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Exodus – Part I

By Pastor Royston Smith

Reggae icon Bob Marley is considered inspirational to many. The lyrics in some of his music are uplifting and seem to echo the sentiments of prophetic messages. One such song is entitled ‘Exodus,’ which was recorded during a period of exile in London in the aftermath of an attack on his life in Jamaica, during a period of political unrest. This song parallels Marley’s personal challenges with the biblical account of the Exodus. One of the most enthralling and engrossing events, it speaks about much more than one man’s flight from political infightings or unrest. The account details God’s deliverance of the Israelites from slavery in Egypt, by the leadership of Moses.  

So, how did the nation of Israel end up in Egypt?

In a nutshell, the Bible informed us that there was a famine in the land of Canaan. Thus, the Hebrew patriarch Jacob emigrated with his extended family of 70 to Egypt to seek better economic and living conditions. Their decision to emigrate was initiated by Joseph, Jacob’s son who was appointed as the Viceroy of Egypt. Such a position enabled Jacob’s family to freely access food, safety and comfort. Eventually a short stay was extended into 430 years. Many a migrant can identify with this narrative. A short stay in a foreign country sometimes leads to settlement. Settlement leads to family expansion, which in turn leads to citizenship. 

As time passed the Israelites prospered and quickly multiplied to about 3 million people. The new Pharaoh became fearful and jealous and devised evil plans to destroy their wealth, diminish their numbers, and decrease their apparent power.  Thus, all Israelites were confined to Goshen, an unproductive, barren wasteland.  The population was controlled by the killing of boy babies at birth, (an action which eventually resulted in Moses’ adoption into the pharaoh’s palace). The migrants were enslaved and given backbreaking tasks to do without pay. Various strategies were used to dissuade them from forming alliances with other nations in case of war. The intent was total subjugation and loss of identity. 

One day in the wilderness an Israelite fugitive called Moses saw a strange phenomenon. He had escaped the potential wrath of the Pharaoh. Forty years before, he went to observe his people and saw the mistreatment of one by his Egyptian overlord. He killed the Egyptian and fearing for his life, he fled. It was very clear to Moses that on his own he could not lead the Israelites to the promised land. Instead, God provided the necessary training as a shepherd in Midian. He saw a burning bush that was not consumed by the flames. He couldn’t help but investigate. Here he was confronted by the voice calling his name.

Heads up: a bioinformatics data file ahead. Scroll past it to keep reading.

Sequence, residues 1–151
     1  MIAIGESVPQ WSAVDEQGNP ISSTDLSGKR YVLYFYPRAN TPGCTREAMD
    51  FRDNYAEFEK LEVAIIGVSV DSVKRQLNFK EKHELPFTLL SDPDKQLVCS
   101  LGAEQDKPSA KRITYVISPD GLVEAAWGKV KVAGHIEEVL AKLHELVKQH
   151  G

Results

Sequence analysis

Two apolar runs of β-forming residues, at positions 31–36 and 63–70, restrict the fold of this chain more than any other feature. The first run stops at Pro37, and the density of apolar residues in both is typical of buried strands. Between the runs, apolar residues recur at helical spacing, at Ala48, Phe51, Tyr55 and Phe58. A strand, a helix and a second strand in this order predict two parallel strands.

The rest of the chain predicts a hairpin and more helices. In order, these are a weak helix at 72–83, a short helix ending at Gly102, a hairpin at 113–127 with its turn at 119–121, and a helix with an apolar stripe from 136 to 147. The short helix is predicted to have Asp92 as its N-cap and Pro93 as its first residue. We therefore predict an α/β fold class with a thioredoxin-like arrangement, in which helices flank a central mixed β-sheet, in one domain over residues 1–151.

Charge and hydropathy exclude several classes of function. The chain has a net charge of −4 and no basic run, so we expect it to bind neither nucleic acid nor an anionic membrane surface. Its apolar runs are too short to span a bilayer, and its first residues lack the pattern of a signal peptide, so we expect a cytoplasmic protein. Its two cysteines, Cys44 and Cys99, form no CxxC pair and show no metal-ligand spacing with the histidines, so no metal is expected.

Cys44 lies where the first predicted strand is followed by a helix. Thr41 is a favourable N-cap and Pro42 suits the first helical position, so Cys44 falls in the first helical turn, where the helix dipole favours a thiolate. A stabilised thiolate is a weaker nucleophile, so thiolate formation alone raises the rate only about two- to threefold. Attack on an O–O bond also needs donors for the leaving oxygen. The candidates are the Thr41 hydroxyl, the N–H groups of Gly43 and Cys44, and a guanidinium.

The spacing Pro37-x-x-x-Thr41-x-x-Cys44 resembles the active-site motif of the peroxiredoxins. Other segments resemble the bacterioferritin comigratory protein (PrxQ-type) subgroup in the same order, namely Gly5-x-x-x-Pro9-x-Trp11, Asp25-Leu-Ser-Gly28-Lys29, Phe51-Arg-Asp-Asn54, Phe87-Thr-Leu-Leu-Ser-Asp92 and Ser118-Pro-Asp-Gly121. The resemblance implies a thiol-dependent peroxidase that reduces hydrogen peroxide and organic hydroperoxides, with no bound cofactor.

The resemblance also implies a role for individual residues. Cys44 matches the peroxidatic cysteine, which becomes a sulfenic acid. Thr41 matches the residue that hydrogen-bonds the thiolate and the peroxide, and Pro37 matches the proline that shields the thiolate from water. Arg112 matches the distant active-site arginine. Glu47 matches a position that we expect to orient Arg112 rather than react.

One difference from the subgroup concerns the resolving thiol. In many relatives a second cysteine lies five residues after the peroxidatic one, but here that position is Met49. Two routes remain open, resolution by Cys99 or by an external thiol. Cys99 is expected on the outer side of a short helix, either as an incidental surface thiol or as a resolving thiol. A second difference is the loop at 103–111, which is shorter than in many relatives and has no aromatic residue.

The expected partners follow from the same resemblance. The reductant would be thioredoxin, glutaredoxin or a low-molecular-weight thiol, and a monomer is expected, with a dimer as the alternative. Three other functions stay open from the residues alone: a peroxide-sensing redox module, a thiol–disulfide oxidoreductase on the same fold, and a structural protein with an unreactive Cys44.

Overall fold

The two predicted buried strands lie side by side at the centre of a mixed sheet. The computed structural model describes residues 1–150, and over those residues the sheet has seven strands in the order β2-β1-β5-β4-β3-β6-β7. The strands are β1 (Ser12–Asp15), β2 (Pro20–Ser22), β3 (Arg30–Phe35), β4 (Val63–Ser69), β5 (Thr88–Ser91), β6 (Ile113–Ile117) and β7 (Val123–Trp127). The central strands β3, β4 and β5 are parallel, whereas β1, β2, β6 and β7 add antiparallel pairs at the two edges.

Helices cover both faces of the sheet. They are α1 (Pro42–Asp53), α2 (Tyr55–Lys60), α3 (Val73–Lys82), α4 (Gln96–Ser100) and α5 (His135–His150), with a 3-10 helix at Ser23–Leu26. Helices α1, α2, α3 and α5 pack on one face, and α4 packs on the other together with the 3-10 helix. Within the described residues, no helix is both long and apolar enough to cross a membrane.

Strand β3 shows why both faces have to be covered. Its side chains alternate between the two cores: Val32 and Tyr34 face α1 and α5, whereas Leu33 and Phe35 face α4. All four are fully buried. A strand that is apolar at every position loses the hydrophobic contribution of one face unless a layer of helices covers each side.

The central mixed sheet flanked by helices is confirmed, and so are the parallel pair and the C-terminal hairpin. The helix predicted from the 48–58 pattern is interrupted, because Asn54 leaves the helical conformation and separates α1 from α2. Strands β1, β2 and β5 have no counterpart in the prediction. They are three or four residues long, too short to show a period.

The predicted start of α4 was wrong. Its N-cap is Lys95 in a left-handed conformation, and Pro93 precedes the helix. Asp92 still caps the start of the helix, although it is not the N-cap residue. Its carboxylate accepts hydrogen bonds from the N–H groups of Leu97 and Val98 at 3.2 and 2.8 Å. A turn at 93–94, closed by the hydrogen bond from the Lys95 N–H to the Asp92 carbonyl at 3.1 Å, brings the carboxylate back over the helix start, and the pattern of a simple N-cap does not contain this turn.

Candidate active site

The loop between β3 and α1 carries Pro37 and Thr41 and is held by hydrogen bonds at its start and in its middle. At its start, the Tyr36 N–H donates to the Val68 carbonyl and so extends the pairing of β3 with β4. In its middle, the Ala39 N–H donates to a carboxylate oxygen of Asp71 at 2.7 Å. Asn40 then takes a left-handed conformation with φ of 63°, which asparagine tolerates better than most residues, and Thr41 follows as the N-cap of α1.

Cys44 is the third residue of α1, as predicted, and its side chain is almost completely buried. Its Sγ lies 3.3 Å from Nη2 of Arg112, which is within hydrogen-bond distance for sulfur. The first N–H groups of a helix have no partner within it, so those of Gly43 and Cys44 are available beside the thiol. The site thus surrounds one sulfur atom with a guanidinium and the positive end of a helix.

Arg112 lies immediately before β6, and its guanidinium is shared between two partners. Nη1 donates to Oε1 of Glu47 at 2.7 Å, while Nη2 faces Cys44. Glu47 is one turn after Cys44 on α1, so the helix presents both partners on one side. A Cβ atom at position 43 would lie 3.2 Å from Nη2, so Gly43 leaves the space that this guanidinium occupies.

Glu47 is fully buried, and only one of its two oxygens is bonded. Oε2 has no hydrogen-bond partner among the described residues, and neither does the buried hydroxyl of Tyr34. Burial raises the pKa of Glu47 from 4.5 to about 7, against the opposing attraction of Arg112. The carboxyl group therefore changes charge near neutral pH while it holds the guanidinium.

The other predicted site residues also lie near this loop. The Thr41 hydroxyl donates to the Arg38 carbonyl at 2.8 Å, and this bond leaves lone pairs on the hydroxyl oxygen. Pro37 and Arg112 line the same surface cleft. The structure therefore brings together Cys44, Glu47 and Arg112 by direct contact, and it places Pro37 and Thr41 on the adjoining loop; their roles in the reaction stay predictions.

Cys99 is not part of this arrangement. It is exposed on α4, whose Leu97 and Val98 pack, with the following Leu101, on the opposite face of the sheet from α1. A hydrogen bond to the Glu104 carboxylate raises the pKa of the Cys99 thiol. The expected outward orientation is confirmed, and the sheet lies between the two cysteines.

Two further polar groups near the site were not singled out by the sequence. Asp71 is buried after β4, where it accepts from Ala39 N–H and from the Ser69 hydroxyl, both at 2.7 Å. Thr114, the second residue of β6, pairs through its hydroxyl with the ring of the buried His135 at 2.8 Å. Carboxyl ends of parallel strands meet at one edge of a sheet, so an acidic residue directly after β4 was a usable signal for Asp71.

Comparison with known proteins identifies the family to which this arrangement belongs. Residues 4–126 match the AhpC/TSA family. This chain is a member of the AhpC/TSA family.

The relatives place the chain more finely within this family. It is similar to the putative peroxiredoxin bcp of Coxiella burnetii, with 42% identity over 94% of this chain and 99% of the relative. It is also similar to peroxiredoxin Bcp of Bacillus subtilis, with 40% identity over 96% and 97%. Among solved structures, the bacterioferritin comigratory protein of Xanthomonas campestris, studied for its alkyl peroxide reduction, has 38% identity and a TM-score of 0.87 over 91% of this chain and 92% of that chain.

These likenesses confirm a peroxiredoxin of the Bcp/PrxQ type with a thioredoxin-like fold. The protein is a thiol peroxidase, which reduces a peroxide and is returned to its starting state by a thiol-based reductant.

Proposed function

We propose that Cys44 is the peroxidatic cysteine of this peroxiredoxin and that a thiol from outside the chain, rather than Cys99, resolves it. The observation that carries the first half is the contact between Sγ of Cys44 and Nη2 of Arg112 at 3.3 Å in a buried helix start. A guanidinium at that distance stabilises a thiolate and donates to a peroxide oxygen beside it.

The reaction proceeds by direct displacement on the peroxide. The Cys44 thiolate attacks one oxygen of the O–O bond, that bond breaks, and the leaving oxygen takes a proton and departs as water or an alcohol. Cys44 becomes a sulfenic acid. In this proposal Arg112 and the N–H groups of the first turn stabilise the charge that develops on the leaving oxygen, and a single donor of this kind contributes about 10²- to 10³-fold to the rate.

God said, “I’ve taken a good, long look at the affliction of my people in Egypt. I’ve heard their cries for deliverance from their slave masters; I know all about their pain. And now I have come down to help them, pry them loose from the grip of Egypt, get them out of that country and bring them to a good land with wide-open spaces …” Exodus 3:7-8.

God assured Moses that He cares about the suffering and pain of his people. God cares about your suffering and pain. He wanted to change their situations. He then commissioned and empowered Moses to return from exile and go back to Egypt to emancipate his people from the oppressive Egyptians.  

Lesson

God is listening and is extremely concerned about our pain, anguish and wellbeing. You have not been abandoned. God has not alienated himself from your oppressors and the oppressions. It can be hard to remember this when faced with a mountain of problems and no apparent solution in sight. You are not alone; he is with you. Continue to exercise your faith. God’s will respond to your situation at the right time and in the best way – His way. Keep crying out to him. 

Let’s Pray

Heavenly Father, you heard the cry of the Israelites, and you sent a deliverer. I know you hear me when I pray. Help me to wait patiently on your timing, in the name of Jesus. Amen.

Comment(1)

  1. Reply
    Carôle Ceres says:

    Amen

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